Monday, 21 April 2014
The Tudors: Season Two, Episode 3
"What harm can a nobody inflict on our Holy Church?"
This is a big, big episode. The fact that this is the break with Rome is signalled by Peter O'Toole's promotion to the credits, and we start with a bang. There's a duel over Anne. The two sides are entrenched. It's all very serious except for Thomas Wyatt who, despite his promotion to the Privy Council, takes nothing seriously.
Catholicism in England is clearly in retreat, with the King promoting arch-Lutheran Thomas Cranmer to the See of Canterbury, but Pope Clement VII remains airily complacent. But soon a surprised Cromwell is appointed Lord Chancellor and, most significantly of all, Henry and Anne are finally married. After all that build-up it's almost an anticlimax.
Catherine is utterly humiliated. But Brandon, it seems, is getting close to her, and siding more firmly with More and Fisher. The English Reformation finally takes off as even this Pope takes steps to excommunicate Henry and he finally breaks with Rome. Cranmer says he's legally married, like a good little lackey (albeit, like Cromwell, one with an agenda), and that's all that matters.
In other subplots, Wyatt carries on a casual affair with one of Catherine's maids. King Francis, quelle surprise, breaks his promises. The Jesuit order is founded. And Anne is pregnant, to excitement all round.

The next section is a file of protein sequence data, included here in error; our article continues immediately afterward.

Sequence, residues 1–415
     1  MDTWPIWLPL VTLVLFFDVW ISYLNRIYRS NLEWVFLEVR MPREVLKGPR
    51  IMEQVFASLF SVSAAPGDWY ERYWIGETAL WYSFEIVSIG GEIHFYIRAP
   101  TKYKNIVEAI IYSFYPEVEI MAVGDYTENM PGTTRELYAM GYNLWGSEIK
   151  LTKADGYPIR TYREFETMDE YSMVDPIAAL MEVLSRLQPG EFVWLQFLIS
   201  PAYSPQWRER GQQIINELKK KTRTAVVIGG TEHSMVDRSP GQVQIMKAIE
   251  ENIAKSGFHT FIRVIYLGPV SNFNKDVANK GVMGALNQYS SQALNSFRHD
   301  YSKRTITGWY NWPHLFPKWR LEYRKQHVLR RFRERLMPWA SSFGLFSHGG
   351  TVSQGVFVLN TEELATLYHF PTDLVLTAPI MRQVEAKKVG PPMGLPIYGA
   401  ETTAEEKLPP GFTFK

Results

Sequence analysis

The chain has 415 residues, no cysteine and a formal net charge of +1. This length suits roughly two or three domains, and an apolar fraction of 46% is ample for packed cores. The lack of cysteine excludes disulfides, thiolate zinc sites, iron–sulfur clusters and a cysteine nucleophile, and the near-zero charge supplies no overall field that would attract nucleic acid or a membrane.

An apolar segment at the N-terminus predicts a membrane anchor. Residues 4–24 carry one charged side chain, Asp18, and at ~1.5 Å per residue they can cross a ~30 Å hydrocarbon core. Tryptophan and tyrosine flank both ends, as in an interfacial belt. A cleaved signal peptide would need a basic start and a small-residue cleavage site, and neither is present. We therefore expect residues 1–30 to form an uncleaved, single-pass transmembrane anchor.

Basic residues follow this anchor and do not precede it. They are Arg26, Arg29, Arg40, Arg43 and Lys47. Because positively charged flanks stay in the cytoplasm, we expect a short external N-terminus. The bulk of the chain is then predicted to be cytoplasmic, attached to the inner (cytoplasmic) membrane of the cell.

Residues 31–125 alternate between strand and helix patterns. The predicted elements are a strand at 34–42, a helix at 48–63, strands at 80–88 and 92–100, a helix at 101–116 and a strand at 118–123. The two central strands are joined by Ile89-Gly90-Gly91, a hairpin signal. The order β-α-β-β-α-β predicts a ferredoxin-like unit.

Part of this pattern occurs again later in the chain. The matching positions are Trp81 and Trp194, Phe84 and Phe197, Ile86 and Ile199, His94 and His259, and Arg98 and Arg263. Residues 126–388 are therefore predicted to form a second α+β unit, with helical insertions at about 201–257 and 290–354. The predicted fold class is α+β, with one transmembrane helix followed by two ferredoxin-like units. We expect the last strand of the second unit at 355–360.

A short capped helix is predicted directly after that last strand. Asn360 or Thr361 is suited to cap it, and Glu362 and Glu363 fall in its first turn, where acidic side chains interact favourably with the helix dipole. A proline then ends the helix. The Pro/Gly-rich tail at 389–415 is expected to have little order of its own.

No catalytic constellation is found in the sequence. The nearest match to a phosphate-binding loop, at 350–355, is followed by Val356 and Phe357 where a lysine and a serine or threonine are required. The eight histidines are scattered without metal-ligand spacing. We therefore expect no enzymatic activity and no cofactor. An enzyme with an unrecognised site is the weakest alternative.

The build-up to Anne's coronation as queen consort leads to an attempted assassination- the people still like the old Queen and the old religion. Fisher and More, who sadly notes that his once-close friendship with Henry is over, snub the ceremony. Anne, as Queen, establishes uber-Protestantism in her household, giving them all a copy of Tyndale's Bible, which is still technically illegal.
One feels most sorry for Mary, no longer a princess and forbidden from all contact with her mother. But this does not quite feel like a total victory for Protestantism in England. For one thing, we get a shot of the King and the new Queen in bed, shot from above, he half-naked and her fully clothed and turned away from him. It seems their relationship, following marriage and pregnancy, may be losing it's ardour. And, given the context, this could potentially have huge political and religious ramifications.
Anne finally gives birth, and it's a girl, and future Virgin Queen. Henry hides his disappointment, but summons a Lady Eleanor to his chamber for sex. Is he beginning to lose his desires for the woman he wanted so desperately for so long? It looks more and more desperately vital that she gives him a male heir, and soon.